Rep. Chris Van Hollen has agreed to our request that he sponsor a public meeting to air the concerns and dispel some of the mystery surrounding a two-acre clearcut that took place in November of 2004, in violation of the Montgomery County Forest Conservation Law. The meeting will take place in late May or early June but a confirmed date has not been set as of this writing. The meeting will be held in Potomac and all of the concerned parties will be invited to participate, including Federal, State and County officials, civic, environmental and cultural history advocacy groups, and the public.

Planning and Zoning Report

– George Barnes

Emad property - This property on Glen Road in the Glen has applied for a subdivision for two lots on 1.9 acres, with the existing house to remain and one additional lot. The very steep and heavily forested property is in an environmentally sensitive portion of the Watts Branch stream valley. The hearing, scheduled for April 28, was postponed. When rescheduled, WMCCA will testify on behalf of the neighbors of the property and the Glen.

Congressional Forest - An application has been made for a re-subdivision of an existing lot with one house for two lots with two new houses. We will have more information by our next meeting.

Glen Mill Road at Red Barn Lane - This application is for five dwelling units on 15,000 square-foot lots, applied for under the RE -1 Cluster option. The majority of the property is within the 100-year flood plain boundary of the Piney Branch, and therefore unbuildable. Three of the lots would front on Glen Mill Road, with two more just behind them. Three lots would be reached by a cul-de-sac off Glen Mill, with an additional two driveways on Glen Mill. We have serious concerns about the use of the RE-1C zone for this property, as well as compatibility and environmental concerns. The plan would also have an extremely undesirable effect on the character of the Rustic Road designation of Glen Mill Road, which is Exceptional Rustic from Red Barn to the Glen, and Rustic from Red Barn to Circle Drive.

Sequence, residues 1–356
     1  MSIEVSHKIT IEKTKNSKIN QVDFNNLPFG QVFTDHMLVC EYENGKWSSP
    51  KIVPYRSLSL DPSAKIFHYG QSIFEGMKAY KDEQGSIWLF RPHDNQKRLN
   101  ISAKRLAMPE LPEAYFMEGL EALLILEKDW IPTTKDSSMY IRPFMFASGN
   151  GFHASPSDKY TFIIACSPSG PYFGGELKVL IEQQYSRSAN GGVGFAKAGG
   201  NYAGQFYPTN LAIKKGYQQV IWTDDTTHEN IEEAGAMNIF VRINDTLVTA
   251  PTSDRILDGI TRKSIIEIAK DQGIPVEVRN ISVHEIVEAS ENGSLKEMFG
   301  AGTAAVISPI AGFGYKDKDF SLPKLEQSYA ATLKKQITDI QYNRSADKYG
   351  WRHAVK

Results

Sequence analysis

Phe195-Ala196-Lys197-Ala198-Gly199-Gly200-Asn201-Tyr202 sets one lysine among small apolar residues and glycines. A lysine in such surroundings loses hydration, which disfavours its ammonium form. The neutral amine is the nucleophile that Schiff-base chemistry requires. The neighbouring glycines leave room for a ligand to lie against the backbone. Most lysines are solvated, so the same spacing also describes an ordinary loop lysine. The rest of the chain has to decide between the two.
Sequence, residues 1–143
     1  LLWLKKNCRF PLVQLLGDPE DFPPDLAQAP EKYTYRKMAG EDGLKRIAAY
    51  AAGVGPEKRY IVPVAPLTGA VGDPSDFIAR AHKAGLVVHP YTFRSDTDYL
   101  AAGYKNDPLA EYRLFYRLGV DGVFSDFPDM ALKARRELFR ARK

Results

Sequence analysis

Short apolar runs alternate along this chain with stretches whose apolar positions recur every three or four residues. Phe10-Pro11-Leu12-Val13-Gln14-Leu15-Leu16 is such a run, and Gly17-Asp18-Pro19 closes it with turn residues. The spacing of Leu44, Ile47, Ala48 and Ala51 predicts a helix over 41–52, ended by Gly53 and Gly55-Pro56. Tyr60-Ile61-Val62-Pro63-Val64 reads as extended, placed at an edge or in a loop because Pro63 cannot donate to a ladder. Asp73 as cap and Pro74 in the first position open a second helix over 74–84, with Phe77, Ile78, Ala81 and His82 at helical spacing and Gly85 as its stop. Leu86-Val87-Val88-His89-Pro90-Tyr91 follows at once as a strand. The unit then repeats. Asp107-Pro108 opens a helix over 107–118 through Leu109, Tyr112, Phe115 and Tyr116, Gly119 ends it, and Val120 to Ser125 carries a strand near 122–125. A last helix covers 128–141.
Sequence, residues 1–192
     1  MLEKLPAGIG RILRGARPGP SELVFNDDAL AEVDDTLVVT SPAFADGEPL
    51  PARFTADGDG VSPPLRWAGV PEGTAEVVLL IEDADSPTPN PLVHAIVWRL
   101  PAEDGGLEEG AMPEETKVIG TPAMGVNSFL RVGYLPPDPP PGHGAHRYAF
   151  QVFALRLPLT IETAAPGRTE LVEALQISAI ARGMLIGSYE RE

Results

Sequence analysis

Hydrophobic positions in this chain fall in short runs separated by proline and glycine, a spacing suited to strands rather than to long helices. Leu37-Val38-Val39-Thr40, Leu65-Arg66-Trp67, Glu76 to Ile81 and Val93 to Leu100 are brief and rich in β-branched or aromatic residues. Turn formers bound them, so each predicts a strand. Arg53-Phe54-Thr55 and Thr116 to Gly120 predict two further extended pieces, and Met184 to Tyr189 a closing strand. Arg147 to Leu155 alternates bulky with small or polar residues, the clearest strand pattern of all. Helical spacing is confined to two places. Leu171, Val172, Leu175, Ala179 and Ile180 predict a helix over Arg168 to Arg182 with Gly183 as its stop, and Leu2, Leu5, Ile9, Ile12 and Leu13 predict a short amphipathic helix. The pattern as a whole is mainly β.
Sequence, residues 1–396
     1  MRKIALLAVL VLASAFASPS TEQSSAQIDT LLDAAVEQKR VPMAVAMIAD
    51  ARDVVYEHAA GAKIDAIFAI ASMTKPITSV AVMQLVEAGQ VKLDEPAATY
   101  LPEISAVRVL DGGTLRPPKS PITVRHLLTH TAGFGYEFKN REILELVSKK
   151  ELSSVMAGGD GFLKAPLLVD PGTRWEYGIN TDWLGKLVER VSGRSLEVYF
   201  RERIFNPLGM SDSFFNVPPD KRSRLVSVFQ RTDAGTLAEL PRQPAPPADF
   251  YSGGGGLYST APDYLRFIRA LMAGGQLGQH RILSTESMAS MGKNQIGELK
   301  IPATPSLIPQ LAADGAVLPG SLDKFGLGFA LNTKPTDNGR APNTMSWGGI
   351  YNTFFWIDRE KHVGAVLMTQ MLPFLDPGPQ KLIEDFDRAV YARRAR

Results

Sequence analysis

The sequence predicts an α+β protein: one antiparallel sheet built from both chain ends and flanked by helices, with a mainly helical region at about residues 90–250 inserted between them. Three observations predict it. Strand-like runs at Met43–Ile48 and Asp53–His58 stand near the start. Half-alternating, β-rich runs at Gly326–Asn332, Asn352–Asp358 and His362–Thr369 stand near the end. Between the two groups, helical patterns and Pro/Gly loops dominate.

WMCCA Nominating Committee Report

The Nominating Committee, chaired by George Barnes, is pleased to submit the following slate of Officers and Directors to the membership for a vote at the Annual Meeting. The Nominating Committee has placed in nomination the following slate — nominations may also be made from the floor:

Vice President - Barbara Boykin, Treasurer - C. O. North, Secretary - Betsi Dahan, Newsletter - Lois Williams

Directors: Don McNellis, Jonathan Burnworth, Mike Danker, Tony Barclay.

Directors continuing in office: Scott Bender, Barbara Boykin, Elie Pisarra Cain, and Diana Conway.

As always, the President Elect becomes President, and the Vice President becomes President Elect:

President- Ginny Barnes, President Elect- Susanne Lee, Immediate Past President - Carol Falk.

Enjoy Potomac's parkland and public woods

By Lois Williams

Walking near my Thrush Lane home a few days ago, I stopped where Logan Drive crosses Rock Run to check on the tiny fish there. A patch of golden ragwort beckoned me, and I followed the stream's flood plain on a faint path through the woods. There were spring beauty in abundance, and, yes, jack-in-the-pulpit! In time, a blue heron sensed my presence, and I only saw him as he flapped away. He may have interested in the same fish as I, and perhaps the crawfish I had seen upstream behind the Giant a few days earlier.